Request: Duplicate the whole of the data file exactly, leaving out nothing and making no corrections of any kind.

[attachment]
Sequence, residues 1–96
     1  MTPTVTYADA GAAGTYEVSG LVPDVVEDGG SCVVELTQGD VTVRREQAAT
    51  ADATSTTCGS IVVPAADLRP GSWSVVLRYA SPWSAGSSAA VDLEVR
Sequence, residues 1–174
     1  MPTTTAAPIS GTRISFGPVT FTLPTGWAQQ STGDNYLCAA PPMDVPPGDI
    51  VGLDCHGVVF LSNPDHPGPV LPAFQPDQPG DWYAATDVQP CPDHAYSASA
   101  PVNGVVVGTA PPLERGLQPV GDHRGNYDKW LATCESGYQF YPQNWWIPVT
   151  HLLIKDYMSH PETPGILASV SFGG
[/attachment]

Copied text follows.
Sequence, residues 1–96
     1  MTPTVTYADA GAAGTYEVSG LVPDVVEDGG SCVVELTQGD VTVRREQAAT
    51  ADATSTTCGS IVVPAADLRP GSWSVVLRYA SPWSAGSSAA VDLEVR
Sequence, residues 1–174
     1  MPTTTAAPIS GTRISFGPVT FTLPTGWAQQ STGDNYLCAA PPMDVPPGDI
    51  VGLDCHGVVF LSNPDHPGPV LPAFQPDQPG DWYAATDVQP CPDHAYSASA
   101  PVNGVVVGTA PPLERGLQPV GDHRGNYDKW LATCESGYQF YPQNWWIPVT
   151  HLLIKDYMSH PETPGILASV SFGG